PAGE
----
Given that the gene variants for diabetes may remain elusive for a while, Tuomilehto has concentrated on the environmental aspects of the disease. Obesity, he pointed out, is the leading risk factor for the condition. Genes interact with the environment. According to this view, whenever susceptible genes meet too many calories, weight goes up and diabetes follows.

That might help explain the postcard Tuomilehto has pinned to the wall behind his desk. It shows an enormous young man lying on his side on a beach. “Come to California,” it reads, “the Food is #1.”

When Finns brood over their history, their dark thoughts turn east, to the monolith of Russia. Throughout the 19th century, czars ruled the Finns. Under cover of World War I and the upheaval of the Russian Revolution, Finns declared their independence and made it stick, but the Soviets grabbed back a slice of territory after World War II. Only since the fall of communism have Finns been able to relax.

The border between Russia and Finland divides a region known as Karelia. Historians say the line has shifted nine times during the past 1,000 years, and no doubt genes have flowed freely as well. Compared with the Nordic-looking Finns, the Karelian type of Finn, according a source, is “shorter limbed, rounder faced, fair haired, gray eyed.” That could well describe a man named Aimo, who lives in the Kainuu district of East Finland.

Aimo’s last name is Karjalainen (“the Karelian”). He is 43 years old. He had a heart attack a year ago and a triple bypass operation last May, in which his prematurely diseased arteries were replaced by veins in his leg. In July he went for a checkup. An affable, muscular fellow, he indicated that he was recovering fast.

“Feels good,” Aimo said, which was the extent of his English. He unbuttoned his shirt to show the pink scar running down his chest. His mother’s family is from the Finnish side, and his father is from East Karelia, in what is now Russia.

In the 1970s the health authorities in Finland addressed an alarming statistic: Their country has the highest rate of mortality from heart attacks in the Western world. An intense public education campaign targeting the North Karelia district, just south of Kainuu, introduced Finns to low-fat diets. The campaign succeeded in lowering both cholesterol levels and heart fatalities. Yet the country’s physicians and researchers knew more had to be done.

“It’s my life’s work to solve the problem of heart disease,” said Jukka Salonen, an epidemiologist and gene hunter at the University of Kuopio. “Why do eastern Finns have the highest heart-attack mortality rate—in males—in the world? We still do. It’s come down, but . . . ”

Salonen went to an easel and with markers charted the rise of deaths in the 1950s, their peak in the late 1970s, and then a decline to 2000. He drew the same curve lower down for the rates in southwestern Finland. Still lower down on the chart was a parallel curve for mortality over the same period in the United States.

“In eastern Finnish men there are risk factors—smoking, high-fat diet, high cholesterol and blood pressure, but they’re not that high,” he said. “We knew that in the 1970s. Today the differences between eastern and western Finns, in terms of diet, have disappeared.” Yet mortality from the disease in the east is still 1.5 to 2 percent higher. “More than half of the heart-attack risk is explained by other things,” Salonen said. “We think it’s genetic.”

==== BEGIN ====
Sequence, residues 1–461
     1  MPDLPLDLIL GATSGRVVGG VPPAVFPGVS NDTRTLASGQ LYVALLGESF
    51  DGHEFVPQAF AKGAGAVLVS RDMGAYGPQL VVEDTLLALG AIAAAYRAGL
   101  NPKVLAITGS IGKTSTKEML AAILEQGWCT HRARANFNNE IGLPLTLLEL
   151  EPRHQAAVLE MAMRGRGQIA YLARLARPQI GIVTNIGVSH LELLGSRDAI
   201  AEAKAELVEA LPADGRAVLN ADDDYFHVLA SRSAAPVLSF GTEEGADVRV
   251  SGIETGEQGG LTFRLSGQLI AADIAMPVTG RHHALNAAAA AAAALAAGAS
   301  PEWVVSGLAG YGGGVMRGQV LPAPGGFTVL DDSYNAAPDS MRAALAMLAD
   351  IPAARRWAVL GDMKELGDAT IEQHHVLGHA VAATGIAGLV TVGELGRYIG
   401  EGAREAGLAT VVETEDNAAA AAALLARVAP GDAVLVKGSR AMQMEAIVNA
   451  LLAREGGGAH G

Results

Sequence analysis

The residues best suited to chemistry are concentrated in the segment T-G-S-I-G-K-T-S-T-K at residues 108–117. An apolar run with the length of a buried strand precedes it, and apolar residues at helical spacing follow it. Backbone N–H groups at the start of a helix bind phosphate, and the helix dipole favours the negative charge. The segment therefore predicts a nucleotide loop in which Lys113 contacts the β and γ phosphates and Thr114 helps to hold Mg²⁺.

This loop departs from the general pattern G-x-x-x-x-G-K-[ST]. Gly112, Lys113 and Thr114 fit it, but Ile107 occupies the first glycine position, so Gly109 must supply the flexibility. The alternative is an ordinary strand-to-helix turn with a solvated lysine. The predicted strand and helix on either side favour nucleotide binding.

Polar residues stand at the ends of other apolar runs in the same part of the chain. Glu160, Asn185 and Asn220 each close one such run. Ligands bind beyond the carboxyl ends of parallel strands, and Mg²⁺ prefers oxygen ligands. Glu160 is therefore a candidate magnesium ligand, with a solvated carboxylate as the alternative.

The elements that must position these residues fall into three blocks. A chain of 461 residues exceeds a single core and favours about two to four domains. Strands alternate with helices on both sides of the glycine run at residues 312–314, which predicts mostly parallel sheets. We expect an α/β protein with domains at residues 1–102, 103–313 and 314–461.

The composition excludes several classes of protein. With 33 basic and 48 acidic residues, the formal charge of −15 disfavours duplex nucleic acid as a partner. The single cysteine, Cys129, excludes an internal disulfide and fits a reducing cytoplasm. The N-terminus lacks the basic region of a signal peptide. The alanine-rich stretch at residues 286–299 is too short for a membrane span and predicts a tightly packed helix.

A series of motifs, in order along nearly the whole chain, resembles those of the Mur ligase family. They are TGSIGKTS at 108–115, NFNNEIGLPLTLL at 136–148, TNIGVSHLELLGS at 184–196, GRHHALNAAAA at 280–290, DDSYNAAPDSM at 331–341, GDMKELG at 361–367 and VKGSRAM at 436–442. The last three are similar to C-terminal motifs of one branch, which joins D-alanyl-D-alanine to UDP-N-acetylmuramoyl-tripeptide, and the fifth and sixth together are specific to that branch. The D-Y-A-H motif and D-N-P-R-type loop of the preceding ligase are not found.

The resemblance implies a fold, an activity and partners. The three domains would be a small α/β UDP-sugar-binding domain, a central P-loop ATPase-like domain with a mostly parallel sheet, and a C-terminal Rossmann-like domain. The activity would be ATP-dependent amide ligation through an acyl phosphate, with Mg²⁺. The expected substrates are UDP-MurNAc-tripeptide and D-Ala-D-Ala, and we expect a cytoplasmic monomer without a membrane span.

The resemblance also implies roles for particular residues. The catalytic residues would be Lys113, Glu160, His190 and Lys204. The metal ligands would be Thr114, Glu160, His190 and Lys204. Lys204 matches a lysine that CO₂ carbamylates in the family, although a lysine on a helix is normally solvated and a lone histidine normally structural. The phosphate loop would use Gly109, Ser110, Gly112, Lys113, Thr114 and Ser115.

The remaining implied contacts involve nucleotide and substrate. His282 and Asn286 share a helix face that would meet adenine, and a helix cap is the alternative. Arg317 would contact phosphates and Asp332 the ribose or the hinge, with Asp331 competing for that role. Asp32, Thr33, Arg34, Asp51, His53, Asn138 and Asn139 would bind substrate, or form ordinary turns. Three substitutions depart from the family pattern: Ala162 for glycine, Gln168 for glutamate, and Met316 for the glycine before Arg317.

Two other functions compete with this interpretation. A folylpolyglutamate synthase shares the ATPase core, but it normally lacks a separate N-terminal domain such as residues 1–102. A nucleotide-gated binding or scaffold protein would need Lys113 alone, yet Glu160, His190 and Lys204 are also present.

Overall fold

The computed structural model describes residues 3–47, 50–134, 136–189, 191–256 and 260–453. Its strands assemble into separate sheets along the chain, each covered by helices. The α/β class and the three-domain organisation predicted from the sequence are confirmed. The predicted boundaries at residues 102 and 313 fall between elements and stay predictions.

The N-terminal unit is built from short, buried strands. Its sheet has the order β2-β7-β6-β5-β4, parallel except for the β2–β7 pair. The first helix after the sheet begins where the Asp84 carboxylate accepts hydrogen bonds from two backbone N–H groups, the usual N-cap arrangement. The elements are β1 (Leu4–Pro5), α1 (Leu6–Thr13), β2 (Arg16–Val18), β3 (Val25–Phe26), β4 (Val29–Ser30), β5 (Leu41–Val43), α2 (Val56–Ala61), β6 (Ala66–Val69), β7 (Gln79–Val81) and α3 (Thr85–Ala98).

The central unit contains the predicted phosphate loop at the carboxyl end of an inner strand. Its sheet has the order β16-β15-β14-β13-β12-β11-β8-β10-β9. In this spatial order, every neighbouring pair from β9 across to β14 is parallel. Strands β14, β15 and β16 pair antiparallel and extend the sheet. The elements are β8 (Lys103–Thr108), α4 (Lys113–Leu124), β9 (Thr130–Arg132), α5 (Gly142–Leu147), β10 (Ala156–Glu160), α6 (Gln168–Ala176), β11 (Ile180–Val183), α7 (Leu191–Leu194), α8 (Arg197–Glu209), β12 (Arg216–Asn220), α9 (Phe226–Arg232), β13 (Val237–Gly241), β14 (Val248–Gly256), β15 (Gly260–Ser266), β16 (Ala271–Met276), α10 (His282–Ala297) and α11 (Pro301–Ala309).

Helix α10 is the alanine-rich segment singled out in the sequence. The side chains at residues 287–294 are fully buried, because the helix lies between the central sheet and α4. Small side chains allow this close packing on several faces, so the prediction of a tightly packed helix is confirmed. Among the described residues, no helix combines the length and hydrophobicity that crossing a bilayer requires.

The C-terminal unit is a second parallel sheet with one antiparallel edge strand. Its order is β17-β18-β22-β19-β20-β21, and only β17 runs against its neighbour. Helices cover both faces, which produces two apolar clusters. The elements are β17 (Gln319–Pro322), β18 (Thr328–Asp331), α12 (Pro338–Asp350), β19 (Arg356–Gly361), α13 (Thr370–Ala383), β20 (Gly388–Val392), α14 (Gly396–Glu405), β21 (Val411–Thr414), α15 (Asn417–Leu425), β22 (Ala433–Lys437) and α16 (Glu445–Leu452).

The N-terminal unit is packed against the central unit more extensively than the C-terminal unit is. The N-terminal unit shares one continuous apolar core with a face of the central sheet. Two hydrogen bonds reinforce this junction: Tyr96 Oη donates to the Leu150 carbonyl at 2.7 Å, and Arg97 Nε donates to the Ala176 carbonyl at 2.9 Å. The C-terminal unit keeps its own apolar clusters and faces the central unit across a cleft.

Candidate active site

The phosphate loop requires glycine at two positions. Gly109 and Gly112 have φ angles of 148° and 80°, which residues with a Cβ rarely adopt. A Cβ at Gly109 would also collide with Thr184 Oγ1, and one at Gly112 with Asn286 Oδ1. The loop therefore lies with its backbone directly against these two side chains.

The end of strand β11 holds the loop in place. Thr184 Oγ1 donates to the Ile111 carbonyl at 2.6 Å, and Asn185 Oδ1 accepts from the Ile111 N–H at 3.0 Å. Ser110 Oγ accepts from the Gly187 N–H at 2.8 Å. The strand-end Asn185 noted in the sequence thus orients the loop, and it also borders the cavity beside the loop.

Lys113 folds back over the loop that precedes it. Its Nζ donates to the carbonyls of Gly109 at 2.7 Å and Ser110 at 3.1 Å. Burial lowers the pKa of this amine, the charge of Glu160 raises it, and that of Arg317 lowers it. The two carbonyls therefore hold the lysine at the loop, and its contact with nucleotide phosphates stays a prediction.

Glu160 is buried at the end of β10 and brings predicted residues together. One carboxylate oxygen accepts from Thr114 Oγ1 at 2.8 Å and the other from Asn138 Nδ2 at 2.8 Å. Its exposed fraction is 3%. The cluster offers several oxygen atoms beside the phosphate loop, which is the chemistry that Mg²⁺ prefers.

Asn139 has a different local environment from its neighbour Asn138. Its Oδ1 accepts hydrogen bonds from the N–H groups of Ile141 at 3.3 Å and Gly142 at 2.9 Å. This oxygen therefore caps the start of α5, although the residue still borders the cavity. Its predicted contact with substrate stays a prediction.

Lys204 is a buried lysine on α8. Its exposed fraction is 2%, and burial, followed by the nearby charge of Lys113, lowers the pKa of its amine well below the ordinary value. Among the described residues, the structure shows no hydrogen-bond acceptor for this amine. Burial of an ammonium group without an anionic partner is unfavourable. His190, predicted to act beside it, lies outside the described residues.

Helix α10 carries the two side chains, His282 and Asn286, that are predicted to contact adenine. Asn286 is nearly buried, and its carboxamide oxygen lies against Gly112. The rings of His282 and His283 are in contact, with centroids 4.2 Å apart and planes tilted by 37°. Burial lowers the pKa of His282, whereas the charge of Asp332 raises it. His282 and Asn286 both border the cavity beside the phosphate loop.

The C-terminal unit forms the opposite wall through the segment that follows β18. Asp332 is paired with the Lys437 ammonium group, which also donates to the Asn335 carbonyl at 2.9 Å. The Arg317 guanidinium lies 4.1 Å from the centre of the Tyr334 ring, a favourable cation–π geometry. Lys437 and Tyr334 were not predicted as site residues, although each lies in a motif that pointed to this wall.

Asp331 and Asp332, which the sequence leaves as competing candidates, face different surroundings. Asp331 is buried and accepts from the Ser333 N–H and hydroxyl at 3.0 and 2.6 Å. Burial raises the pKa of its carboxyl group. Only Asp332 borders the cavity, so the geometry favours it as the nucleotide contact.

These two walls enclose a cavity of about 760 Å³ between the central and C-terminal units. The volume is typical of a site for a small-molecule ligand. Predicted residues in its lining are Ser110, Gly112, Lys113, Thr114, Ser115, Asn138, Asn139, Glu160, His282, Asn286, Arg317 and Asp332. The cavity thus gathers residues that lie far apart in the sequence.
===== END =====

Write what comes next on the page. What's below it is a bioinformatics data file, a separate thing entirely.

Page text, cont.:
As many as 500 genes might be involved in coronary heart disease, he said. “Half of them will be silent—they would have to be environmentally tripped.” That is, there would be interactions with changes in lifestyle, just as Tuomilehto’s diabetes genes have to be environmentally tripped. Many of the vulnerable genes—variants—may  be the same for both conditions.

Salonen has led a 20-year study of coronary heart disease in Kuopio. With patented DNA chips and corporate backers, he is looking for alleles that distinguish healthy Finns from patients with a family history of heart disease.

In Kajaani, Aimo’s hometown, a squadron of public-health nurses is trying to get people to lead healthier lives. Also under way is a long-term study of 500 high-risk children to see if counseling parents about healthy cooking and exercise will reduce the death rates of the subjects when they become adults. To be high risk in the study is to have a father or grandfather who had a heart attack before age 55 or a mother or grandmother who had a heart attack before 65.

Aimo told the story of his health through his doctor, Juha Rantonen. The story was full of twists and turns.

Aimo had two jobs: one as a bouncer in a bar at night and the other as the owner of a gym. His heart attack was misdiagnosed at first as pain from a pulled muscle following an incident in the bar (Aimo had subdued a knife-wielding patron). But a friend took him in for tests. The cardiologists thought he might need only drug therapy, but after further review they called him back for the bypass operation.

Aimo had not known his heart was failing. He watched his weight and was not a smoker. His cholesterol was low. But he had been feeling weak and fatigued for three years. His father had a heart attack at age 50, and his grandmother died at age 70 from her heart condition.

 Still, Aimo didn’t seem anxious. He was feeling better than he had for a while. What did he think about Finnish genes?

From his measured replies, it seemed that genes interested him more as wellsprings of the national character than as vehicles for illness.

“Finnish self-esteem,” Aimo said through his doctor, “is not good because we are squeezed between Sweden and Russia. But our language, our culture, our genes are unique. We should be more proud of ourselves. 

“One black cloud only,” he stressed, opening his hands. “The disease genes. The rest is good.”